Question about (dis)fluency-inducement

As a person who stutters and graduate student in stuttering, I am struggling with finding a scientific explanation for a somewhat abstract phenomenon that I observe in both myself and to some extent also in many other PWS. I myself frequently experience that the variability of stuttering can be strongly dependent on attentional (e.g., monitoring) factors. For example, when I silently rehearse or simply think about a particular word, syllable or phoneme, it seems to become more difficult to produce it fluently. When this occurs in more challenging situations, stuttering is almost certain to happen in my case (and in some other PWS too, as I verified).

An extreme example of this is when I participated a while ago in a pilot-experiment about learning Japanese, more specifically learning the /tt/ sound (basically holding the /t/ somewhat longer). When I was specifically focusing on correctly producing this sound, I found myself heavily blocking, so much that I simply had to stop proceeding with the experiment as I couldn’t produce any word involving the /tt/ sound when it occurred at the beginning of the syllable. This is remarkable as normally I am a very mild PWS, where even SLP’s and other PWS have many times difficulty to note (or sometimes just don’t believe) that I stutter.

The opposite, i.e., attempting to distract from thinking about a word or verbal message often reduces stuttering for me. The distraction can basically be anything as long as my focus is not anymore on the specific word or letter.

I am aware of the literature that suggests that speaking while carrying out a secondary (non-linguistic related) task can have a beneficial effect on stuttering; I also know of several theoretical accounts that posit (excessive) speech/language monitoring and lack of speech automaticity as a factor in stuttering. Still I am not sure why simply awareness of sounds and letters triggers my stuttering. Is this perhaps a psychological issue (e.g., I once stuttered on a word involving a /t/ sound and subsequently every time I think about this sound I stutter again)? And is there any way to go around this problem?

It is maybe interesting to mention that when I focus on the color or timbre of the sound (mostly a vowel), stuttering as well as any anticipatory feeling of stuttering seems to disappear completely regardless of the situation. In this case, there is a slight stretching out of the vowel as well (prolongation); but, importantly, just prolonging or speaking slower doesn’t quite produce the same effect in my case, suggesting that, it may be the attentional component that causes the effect, not the slowing down (although for many PWS the latter increases fluency as well).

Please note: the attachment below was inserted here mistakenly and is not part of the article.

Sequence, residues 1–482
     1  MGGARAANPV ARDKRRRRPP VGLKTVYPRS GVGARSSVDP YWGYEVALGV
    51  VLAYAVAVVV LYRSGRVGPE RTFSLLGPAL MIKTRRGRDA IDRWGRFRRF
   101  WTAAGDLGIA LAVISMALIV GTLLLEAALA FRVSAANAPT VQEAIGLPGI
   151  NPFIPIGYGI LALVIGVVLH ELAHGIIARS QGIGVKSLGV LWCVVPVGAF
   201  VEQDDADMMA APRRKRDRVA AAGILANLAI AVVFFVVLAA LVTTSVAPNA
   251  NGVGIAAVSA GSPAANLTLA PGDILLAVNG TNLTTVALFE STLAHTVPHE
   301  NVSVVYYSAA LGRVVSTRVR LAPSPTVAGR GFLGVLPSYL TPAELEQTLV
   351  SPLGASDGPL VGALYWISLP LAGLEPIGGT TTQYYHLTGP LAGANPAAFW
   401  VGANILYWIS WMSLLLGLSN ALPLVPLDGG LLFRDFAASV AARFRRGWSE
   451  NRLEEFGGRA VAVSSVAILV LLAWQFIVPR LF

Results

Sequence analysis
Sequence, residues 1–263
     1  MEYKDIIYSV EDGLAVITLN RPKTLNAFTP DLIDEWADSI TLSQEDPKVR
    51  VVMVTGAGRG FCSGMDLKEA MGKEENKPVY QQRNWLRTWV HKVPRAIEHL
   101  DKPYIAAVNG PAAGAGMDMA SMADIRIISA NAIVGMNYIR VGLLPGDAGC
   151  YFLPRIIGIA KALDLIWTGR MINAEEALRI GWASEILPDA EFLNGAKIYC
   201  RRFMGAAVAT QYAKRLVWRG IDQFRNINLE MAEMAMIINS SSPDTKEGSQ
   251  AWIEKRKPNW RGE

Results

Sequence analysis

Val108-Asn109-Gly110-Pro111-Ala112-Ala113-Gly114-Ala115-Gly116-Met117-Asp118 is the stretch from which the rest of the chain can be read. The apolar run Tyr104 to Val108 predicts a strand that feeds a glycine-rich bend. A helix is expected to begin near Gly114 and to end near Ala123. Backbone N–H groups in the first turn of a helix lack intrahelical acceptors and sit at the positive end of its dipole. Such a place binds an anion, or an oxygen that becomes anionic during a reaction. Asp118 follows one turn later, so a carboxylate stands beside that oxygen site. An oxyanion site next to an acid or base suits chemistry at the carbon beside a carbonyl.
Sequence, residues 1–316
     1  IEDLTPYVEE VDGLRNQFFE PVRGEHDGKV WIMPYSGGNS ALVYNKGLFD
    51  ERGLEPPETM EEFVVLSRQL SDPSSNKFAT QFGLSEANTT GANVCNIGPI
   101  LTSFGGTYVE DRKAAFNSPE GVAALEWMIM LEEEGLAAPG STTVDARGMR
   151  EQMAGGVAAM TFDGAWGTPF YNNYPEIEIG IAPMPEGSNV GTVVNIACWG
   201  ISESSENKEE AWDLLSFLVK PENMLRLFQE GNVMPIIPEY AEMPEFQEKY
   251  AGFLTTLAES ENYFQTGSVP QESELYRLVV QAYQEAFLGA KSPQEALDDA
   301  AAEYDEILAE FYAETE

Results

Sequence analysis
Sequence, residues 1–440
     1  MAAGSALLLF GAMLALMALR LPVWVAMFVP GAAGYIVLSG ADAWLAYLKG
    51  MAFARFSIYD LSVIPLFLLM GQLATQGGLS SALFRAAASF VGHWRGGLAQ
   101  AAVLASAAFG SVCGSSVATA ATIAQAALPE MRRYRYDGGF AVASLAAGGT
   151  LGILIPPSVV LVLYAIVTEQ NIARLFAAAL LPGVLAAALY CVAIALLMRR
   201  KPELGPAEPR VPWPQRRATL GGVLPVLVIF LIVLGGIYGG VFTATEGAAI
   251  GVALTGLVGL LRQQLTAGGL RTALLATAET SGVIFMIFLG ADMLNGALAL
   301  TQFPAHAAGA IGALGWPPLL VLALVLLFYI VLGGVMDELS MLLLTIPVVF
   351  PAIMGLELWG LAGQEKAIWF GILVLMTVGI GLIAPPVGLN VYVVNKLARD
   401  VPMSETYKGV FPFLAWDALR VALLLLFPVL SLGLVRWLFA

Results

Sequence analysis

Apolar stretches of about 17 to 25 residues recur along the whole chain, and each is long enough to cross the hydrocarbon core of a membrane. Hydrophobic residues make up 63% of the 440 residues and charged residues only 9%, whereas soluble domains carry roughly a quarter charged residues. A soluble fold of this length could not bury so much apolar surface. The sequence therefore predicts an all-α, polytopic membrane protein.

As a final note, it may be interesting to mention that I started stuttering relatively late (about when I was 8 years old) after being treated for a speech articulation problem. Not sure of that could somehow have been a trigger for developing stuttering, but in light of my experience it would make some sense.

Does anyone have any experience with this issue (both from a personal, clinical or scientific perspective)?

I will provide here my email address as well, as other people not listed here as professionals (and thus not able to respond in this thread) may have valuable input as well.

Thank you for any insights,

Robert van de Vorst

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Question about (dis)fluency-inducement — 1 Comment

  1. Robert,

    By the time you read this, you will have received an email from me with an invitation to a Zoom session to discuss this topic. As a clinical psychologist/internet coach of how to recover from stuttering and a recovered stutterer, I am both willing and able to discuss the topic in terms of Rational Emotive Behavior Therapy or any Cognitive Behavior Therapy.

    You have covered so many topics that to cover all of them we will need to write a paper. If anyone else wants to participate either in the discussion or writing the paper, please contact me.

    Some of the topics include 1) distraction; 2) activating event -> belief -> consequent emotion -> consequent behavior; 3) re-focusing; etc.

    I am confident that by the time you and I get through answering all of your questions you will be well on the way to recovery.